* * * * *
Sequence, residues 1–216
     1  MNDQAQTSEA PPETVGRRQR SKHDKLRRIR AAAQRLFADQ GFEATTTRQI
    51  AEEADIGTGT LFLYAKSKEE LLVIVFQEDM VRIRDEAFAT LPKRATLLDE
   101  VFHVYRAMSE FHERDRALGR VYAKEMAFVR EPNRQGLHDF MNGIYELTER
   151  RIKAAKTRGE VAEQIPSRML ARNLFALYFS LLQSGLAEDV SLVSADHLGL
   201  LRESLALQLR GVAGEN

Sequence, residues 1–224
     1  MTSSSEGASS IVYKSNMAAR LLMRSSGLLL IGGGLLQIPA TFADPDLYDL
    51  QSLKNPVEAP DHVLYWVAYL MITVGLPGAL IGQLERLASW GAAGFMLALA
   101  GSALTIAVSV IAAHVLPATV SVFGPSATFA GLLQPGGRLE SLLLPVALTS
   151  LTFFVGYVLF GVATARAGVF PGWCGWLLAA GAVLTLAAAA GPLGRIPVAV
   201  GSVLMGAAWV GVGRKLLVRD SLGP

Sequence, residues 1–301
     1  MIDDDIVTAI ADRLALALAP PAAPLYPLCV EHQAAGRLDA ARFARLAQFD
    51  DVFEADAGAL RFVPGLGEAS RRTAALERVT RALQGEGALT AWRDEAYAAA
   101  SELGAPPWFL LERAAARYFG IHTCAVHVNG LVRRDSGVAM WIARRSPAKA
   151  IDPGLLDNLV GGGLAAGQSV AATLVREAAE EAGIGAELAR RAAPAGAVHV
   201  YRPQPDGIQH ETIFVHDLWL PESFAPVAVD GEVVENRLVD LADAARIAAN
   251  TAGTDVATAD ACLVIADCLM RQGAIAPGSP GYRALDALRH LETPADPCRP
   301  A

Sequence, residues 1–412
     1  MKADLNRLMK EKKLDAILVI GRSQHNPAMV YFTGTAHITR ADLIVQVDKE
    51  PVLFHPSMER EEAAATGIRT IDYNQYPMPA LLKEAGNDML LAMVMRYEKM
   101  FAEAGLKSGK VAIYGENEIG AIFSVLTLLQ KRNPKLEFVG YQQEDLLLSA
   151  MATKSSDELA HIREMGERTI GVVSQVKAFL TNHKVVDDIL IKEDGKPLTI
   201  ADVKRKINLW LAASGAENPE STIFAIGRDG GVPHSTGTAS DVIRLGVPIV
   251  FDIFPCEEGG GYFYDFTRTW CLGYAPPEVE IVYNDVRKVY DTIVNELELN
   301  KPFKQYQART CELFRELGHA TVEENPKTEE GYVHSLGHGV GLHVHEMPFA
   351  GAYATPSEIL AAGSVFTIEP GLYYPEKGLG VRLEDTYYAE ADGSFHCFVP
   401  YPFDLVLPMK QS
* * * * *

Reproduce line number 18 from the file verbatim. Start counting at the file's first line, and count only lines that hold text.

   201  YRPQPDGIQH ETIFVHDLWL PESFAPVAVD GEVVENRLVD LADAARIAAN